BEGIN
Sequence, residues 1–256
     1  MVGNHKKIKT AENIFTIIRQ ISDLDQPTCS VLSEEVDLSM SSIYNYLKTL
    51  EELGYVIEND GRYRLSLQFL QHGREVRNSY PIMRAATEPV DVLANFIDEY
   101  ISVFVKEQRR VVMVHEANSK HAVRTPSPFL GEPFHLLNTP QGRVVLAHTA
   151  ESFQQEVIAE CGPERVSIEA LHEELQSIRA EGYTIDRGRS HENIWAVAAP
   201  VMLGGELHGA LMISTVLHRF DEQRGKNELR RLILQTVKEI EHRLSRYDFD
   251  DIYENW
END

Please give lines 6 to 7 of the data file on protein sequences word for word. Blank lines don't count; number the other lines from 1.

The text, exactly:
   201  VMLGGELHGA LMISTVLHRF DEQRGKNELR RLILQTVKEI EHRLSRYDFD
   251  DIYENW